When an individual speaks of a situation that they are experiencing, there will be the firstness of how s/he in particular feels about it, its secondness that will be what can be apparent to any observer, and the thirdness through which its meaning is contained.  This thirdness frames the way meaning is made through the way it applies its organising assumptions.  There are then different kinds of thirdness which form a cycle from which innovations may emerge: a frame may be accepted as right because it feels right (1st kind), because of who says it is right (2nd kind) or even because everyone agrees that it is right and ‘how could it not be right’ (3rd kind). Finally, there is the possibility of doubting the rightness of any of these first three kinds of thirdness (4th kind), this preparedness to include doubt being the necessary condition for pursuing any investigation. It is the roots of this doubt in the individual’s personal valency for feeling that there is a ‘something missing’ that enables that individual to take an investigation forward.

Thus are the conditions set for adapting to and taking up roles in networked collaborations: no-one can be assumed to know best, it cannot be assumed that there is one right way to frame the situation, and any investigative process must be open to including firstnesses and secondnesses that were previously considered not to be relevant. This gives rise to the need for a plus-one process in which any given situation is approached as presenting at least one dilemma, with the value deficit being what continues to fall between the horns of the dilemma.  The work of approaching this dilemma (or these dilemmas) has to get past two crises, the first being to take the existing framing to the limits of its ability to provide effective answers to what’s ‘missing’, the second being to accept that the existing framing must ultimately be set aside if something new is to emerge.  The second of these crises is the most difficult to overcome because it demands that the individual take personal responsibility for tackling what’s missing, not to leave it to others and not to expect this to cost them personally in some way.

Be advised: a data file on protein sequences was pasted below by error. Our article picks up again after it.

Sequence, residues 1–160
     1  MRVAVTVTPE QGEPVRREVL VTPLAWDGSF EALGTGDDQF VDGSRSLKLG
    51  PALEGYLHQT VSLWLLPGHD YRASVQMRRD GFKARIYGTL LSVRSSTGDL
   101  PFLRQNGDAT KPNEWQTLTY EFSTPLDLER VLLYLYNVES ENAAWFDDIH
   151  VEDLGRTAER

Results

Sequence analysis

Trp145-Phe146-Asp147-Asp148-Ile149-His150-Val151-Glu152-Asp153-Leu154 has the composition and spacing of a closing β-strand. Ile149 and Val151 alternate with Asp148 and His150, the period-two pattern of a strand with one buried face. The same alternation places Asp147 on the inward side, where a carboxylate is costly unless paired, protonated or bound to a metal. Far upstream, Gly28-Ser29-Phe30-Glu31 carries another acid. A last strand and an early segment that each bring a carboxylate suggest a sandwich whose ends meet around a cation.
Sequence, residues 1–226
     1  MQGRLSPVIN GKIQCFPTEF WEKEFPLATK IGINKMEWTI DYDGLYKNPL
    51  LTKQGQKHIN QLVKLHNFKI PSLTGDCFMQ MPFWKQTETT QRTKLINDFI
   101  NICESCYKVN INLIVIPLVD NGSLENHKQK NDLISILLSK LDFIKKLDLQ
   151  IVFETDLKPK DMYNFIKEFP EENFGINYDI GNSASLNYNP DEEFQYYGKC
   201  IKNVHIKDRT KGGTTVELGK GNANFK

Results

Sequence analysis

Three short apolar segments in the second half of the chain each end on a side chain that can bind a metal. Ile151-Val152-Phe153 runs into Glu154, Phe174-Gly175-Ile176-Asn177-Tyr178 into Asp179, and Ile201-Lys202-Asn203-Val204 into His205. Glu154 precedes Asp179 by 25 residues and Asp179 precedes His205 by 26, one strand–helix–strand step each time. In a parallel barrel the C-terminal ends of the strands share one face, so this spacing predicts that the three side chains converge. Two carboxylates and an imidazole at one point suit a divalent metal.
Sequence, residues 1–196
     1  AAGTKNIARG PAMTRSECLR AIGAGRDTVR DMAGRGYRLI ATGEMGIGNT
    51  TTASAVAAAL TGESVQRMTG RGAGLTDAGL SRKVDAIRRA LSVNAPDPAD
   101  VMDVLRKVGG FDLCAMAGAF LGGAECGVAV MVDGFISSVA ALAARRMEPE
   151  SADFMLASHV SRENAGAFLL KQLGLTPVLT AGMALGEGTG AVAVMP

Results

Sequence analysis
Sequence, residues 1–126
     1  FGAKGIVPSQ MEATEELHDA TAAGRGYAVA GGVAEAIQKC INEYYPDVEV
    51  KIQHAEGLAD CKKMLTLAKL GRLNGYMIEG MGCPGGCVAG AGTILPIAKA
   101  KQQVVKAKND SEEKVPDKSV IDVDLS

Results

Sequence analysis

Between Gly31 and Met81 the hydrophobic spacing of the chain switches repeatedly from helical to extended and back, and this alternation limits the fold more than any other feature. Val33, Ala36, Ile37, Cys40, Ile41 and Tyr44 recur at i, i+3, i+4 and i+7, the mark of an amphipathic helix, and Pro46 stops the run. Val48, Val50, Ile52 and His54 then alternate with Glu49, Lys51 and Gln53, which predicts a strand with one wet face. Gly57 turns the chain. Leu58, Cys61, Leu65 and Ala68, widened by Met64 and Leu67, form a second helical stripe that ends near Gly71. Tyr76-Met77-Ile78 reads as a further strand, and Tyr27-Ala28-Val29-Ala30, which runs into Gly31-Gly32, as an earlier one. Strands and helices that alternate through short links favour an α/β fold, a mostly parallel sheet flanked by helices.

These are very great challenges for an individual to face. Even though the penalty of not facing them will ultimately be toxic for the wider system in which the ‘something missing’ is arising, this is small comfort in the short term.  The temptations of defenses against anxiety thus offer much greater immediate benefits than the challenges of overcoming the wider system’s defenses against innovation. Meeting these challenges means exercising leadership in a way that is tripartite, giving weight to the importance of addressing value deficits while not abandoning the vertical constraints to which any new kind of response must be subject if it is to be sustainable.  It remains therefore for the individual to understand how the wider system will resist change while accepting that the arguments for change must be won both with respect to existing ways of framing and with respect to overcoming the personal costs of so doing.